01/21/2004 1:00AM

Handicapper of the Year up for grabs

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LAS VEGAS - The Eclipse Awards take place Monday in Hollywood, Fla. All of the votes have been tabulated, and it's assumed that all the honorees - at least the human ones - have already made their travel arrangements.

Except for one.

The 2003 Handicapper of the Year will be determined Friday and Saturday in the Daily Racing Form/National Thoroughbred Racing Association National Handicapping Championship at Bally's Las Vegas. After receiving a check for $100,000 at the awards banquet on Saturday night, the winner will then have the opportunity to go to the Eclipse Awards and take his or her place among the other 2003 champions.

"The winner will fly home on their normal flight Sunday," NTRA tournament director Jeff Sotman said. "They can spend their money or put it in the bank, pick up a tux, get packed, or whatever they have to do. Then we'll fly them to Florida on Monday and get them to the Eclipse Awards.

"If for some reason they don't want to go, or can't go, then they'll be given the option of going to the Eclipse Awards next year, and we'll make sure they're honored there. I'm thinking most people, if they won $100,000, would be able to take Monday off, but it'll be up to the winner."

Those in this year's National Handicapping Championship field of 261 handicappers, up from 213 last year, had to earn their way by either winning or finishing high enough in 94 qualifying tournaments held at 56 different racetracks, OTBs, casinos, and websites. All qualifiers received round-trip airfare and hotel accommodations to come to Las Vegas and compete for the $240,000 purse.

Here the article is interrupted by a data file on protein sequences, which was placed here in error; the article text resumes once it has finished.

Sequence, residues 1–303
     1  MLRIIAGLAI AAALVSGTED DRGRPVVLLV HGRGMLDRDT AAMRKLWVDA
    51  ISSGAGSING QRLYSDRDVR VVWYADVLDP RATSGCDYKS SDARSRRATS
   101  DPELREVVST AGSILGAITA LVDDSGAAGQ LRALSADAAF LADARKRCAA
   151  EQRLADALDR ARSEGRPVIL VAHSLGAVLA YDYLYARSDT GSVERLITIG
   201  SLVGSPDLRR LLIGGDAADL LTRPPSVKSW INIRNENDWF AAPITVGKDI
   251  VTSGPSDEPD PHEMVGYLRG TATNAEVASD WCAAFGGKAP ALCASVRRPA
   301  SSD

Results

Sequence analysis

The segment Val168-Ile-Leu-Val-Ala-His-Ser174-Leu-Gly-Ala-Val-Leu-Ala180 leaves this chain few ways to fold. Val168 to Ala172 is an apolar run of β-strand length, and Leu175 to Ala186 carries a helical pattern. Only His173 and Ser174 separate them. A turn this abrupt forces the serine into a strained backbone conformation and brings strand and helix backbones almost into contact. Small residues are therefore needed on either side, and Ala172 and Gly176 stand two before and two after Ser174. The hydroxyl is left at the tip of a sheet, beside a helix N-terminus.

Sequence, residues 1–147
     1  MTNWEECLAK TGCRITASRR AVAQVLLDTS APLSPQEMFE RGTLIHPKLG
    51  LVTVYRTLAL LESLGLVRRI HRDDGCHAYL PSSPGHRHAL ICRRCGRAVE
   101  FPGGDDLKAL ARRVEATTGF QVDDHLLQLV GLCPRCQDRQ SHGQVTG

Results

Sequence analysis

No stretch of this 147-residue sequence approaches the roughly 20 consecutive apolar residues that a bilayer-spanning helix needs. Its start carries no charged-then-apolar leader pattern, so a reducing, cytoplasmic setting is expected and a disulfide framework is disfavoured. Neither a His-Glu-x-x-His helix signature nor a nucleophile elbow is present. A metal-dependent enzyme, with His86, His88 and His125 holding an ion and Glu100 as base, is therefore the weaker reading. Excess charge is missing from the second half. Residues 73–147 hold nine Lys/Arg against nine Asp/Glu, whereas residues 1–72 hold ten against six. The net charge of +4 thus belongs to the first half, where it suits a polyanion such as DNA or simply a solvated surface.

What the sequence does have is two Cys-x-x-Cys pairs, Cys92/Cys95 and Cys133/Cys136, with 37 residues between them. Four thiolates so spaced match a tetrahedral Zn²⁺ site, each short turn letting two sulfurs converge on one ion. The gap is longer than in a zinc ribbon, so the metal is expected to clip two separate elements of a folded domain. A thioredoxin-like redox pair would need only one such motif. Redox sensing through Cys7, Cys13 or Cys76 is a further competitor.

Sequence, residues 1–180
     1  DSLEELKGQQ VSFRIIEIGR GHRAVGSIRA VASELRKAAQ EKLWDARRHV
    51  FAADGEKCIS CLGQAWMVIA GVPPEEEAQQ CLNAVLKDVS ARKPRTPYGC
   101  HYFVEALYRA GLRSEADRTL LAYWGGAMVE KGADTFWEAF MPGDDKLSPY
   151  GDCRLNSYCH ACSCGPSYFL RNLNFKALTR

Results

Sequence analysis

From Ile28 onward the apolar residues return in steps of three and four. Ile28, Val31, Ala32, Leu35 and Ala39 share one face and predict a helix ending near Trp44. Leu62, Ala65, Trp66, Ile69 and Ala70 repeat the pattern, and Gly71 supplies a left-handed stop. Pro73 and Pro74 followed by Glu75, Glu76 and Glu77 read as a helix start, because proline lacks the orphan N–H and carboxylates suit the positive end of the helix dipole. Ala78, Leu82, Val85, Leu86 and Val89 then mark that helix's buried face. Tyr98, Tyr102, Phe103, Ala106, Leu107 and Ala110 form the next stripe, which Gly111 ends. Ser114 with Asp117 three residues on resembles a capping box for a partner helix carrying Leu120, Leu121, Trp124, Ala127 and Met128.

Steve Wolfson Jr. won the NHC last year and was given an automatic bid to defend his title. Two other past champions - Steve Walker (2000) and Judy Wagner (2001) - are also in a field that runs the gamut from professional tournament veterans who traveled the country to qualifying events to casual race fans who took a shot and got the money.

The contestants will make 15 mythical $2 win and place selections each day, on eight mandatory races (chosen by Sotman, Bally's director of race and sports John Avello, and DRF national handicapper Mike Watchmaker) and seven optional selections from nine available tracks. For contest purposes, prices are capped at $42 to win and $22 to place.

The mandatory races are always a particular challenge as the panel strives to select a mixture of distances, surfaces, and class levels - each at a different NTRA-member track - to test the contestants' range of handicapping skill.

Prize money will be awarded to the top 10 finishers. Aside from the $100,000 first-place prize, $40,000 will be awarded to the runner-up, $15,000 for third place, $8,000 for fourth, $5,000 for fifth, and $2,000 apiece for sixth through 10th.

Contestants, with the exception of Wolfson, will also be competing for team prizes. The team amassing the highest total score of its four players will split $25,000 ($6,250 apiece), with second place worth $10,000 ($2,500 apiece), and third place paying $5,000 ($1,250 apiece).

Also as part of the record $240,000 purse, which was increased from the $212,000 purse each of the last three years, will be daily prizes of $3,000 for the top score each day, $2,000 for second, and $1,000 for third, and daily head-to-head matchup contests each day that pay $5,000.

Media teams will also be competing for $10,000 to be donated to charities designated by the winning team's members.

Coverage will be available on www.drf.com, including a list of mandatory races, player profiles, and a leaderboard that will be updated after every other mandatory race.